Nasim Aghdam

Cops found YouTube shooter asleep in car after family warned them she ‘might do something’: Report

The family of the reported YouTube shooter was apparently worried that she would do something sinister. They claimed they called police prior to Tuesday’s shooting at the YouTube headquarters in California and warned authorities beforehand.

The Mercury News reports that Ismail Aghdam said he called police on Monday and warned them that his daughter, 39-year-old Nasim Aghdam, had been missing for days and that she may be heading to YouTube. He claimed his daughter had a deep hatred for the company after she accused them of censoring her videos, which in turn reportedly made her earnings decrease.

Mountain View Police located the suspect on Tuesday morning at around 2 a.m., sleeping in her car. They called the family and informed them that she was safe and the situation was under control. Police also reportedly told the family they would “keep an eye” on her.

“Our officers made contact with the woman after the license plate of her vehicle matched that of a missing person out of Southern California,” Mountain View Police spokeswoman Katie Nelson told The Mercury News. “The woman confirmed her identity to us and answered subsequent questions. At the conclusion of our discussion, her family was notified that she had been located.”

Nasim’s brother, Shahran Aghdam, said the family moved to California from Iran in 1996. Nasim was was living with his grandmother in San Diego prior to the shooting and frequently complained about YouTube.

“She was always complaining that YouTube ruined her life,” Shahran said.

San Bruno police Chief Ed Barberini told “Good Morning America” on Wednesday that he didn’t know if officers knew about the concerns regarding YouTube when they found Nasim in her car.

 “We know that she was reported missing by her family in San Diego on the 31st of March, and that she was located in a community about 30 miles south of us early Tuesday morning. I don’t know what concerns were conveyed to that police department, or how or where those concerns were relayed to. So that is something we’re looking into.”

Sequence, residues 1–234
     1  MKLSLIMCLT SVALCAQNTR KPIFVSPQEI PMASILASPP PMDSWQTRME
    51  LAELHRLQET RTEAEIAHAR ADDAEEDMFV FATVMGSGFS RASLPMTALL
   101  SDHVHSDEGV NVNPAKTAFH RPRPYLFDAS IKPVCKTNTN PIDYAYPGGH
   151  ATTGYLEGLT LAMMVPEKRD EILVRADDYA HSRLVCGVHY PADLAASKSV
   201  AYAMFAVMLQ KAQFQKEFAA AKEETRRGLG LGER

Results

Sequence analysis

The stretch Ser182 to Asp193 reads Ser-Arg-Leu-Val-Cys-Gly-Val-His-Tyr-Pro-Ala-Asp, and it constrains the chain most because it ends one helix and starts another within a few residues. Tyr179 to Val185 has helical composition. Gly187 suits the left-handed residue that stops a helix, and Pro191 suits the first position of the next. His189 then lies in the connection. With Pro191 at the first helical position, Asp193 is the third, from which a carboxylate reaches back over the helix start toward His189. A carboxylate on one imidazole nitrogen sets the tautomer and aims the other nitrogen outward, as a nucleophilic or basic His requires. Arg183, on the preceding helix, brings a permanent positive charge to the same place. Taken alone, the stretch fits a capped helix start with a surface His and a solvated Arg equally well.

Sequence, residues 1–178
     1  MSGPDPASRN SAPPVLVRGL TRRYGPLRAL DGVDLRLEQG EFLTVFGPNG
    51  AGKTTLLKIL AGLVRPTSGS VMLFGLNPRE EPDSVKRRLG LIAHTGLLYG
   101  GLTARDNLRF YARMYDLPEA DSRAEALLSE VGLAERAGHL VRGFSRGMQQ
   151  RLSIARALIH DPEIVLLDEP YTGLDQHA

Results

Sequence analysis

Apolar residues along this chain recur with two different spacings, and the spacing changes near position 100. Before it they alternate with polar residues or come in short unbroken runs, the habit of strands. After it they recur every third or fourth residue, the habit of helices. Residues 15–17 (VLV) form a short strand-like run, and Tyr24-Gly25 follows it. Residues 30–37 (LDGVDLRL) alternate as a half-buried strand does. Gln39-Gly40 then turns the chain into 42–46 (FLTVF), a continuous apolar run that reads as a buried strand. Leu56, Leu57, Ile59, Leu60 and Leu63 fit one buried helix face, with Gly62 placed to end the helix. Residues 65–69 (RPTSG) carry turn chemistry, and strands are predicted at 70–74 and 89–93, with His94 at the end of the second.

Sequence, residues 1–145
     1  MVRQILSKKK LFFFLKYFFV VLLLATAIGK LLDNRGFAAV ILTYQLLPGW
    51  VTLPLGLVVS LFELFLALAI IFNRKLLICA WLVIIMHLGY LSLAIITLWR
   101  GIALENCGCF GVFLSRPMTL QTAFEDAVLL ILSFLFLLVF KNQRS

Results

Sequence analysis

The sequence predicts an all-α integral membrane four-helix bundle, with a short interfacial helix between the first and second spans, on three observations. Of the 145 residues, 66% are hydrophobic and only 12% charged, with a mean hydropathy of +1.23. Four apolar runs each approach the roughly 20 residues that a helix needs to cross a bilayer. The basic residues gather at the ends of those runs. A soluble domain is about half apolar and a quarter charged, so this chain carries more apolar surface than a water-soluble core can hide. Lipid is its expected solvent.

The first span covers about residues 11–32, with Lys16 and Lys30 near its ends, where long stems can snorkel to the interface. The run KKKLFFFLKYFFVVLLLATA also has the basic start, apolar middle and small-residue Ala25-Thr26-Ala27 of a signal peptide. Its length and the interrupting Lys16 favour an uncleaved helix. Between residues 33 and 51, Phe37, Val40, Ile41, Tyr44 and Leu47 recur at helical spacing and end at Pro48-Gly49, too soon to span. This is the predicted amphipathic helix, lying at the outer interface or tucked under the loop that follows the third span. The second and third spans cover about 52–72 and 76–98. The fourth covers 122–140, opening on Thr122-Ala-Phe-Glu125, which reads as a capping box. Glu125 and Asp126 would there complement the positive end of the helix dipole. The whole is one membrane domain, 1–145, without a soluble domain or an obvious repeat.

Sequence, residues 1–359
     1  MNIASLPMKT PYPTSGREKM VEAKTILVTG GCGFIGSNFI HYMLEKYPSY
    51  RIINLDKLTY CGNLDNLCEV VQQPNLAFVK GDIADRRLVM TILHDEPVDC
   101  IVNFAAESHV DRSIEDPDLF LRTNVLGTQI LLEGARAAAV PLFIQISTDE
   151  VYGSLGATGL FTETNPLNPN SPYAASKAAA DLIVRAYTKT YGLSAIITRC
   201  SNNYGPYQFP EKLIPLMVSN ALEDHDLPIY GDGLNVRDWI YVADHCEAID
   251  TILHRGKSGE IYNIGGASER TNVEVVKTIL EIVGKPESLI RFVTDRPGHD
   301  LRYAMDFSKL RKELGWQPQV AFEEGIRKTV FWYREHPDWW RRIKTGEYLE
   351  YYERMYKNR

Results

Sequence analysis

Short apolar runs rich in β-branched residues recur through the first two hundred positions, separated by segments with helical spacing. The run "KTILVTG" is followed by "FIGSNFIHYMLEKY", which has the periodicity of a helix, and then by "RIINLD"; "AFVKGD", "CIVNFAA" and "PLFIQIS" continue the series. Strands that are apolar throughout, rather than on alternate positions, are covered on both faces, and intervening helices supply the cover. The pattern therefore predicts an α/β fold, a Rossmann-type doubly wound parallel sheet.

As CrimeOnline previously reported, Nasim, an animal rights advocate and vegan, blamed “close-minded” YouTube employees for restricting her videos which ultimately hurt her monetization. Police indicated that shewas not an employee of YouTube, but instead worked for her father’s electrical company.

Police said Nasim opened fire in the outside courtyard area of YouTube headquarters at 901 Cherry Ave. in San Bruno, California, on Tuesday afternoon, wounding three people with gunshot wounds before turning a handgun on herself. A fourth person was injured during the incident but wasn’t shot.

While the suspect died from an apparent self-inflicted gunshot wound, the victims, as of Wednesday, are all alive. A 36-year-old male victim remains in critical condition at the San Francisco General Hospital, according to police spokesperson, Brent Andrew. Two women, ages 32 and 27, are also at the hospital, with the 32-year-old listed in critical condition. The 27-year-old is listed in fair condition.

Despite earlier witness statements indicating that the suspect shot at an alleged boyfriend, authorities said they’ve found no evidence that she had a boyfriend at YouTube and that none of the victims knew the shooter.

“At this time there is no evidence that the shooter knew the victims of this shooting or that individuals were specifically targeted,” police said.

Aghdam reportedly blamed YouTube for controlling her videos by placing age restrictions on her content. She claimed there was no “free speech” which ultimately prevented her from making money from her videos.

“There is no free speech in real world & you will be suppressed for telling the truth that is not supported by the system,”Aghdam wrote. “There is no equal growth opportunity on YOUTUBE or any other video sharing site, your channel will grow if they want to!!!!!!”

Almost of all the alleged shooter’s videos, which included content in English, Turkish, and Farsi, were removed by Tuesday evening. YouTube cited “multiple or severe violations” for taking the videos down. As part of YouTube’s policies, videos containing controversial material, profanity, or sexually suggestive content are at risk of being restricted and/or removed.

Check back with CrimeOnline as additional details become available.

[Feature Photo: Nasim Aghdam/Handout]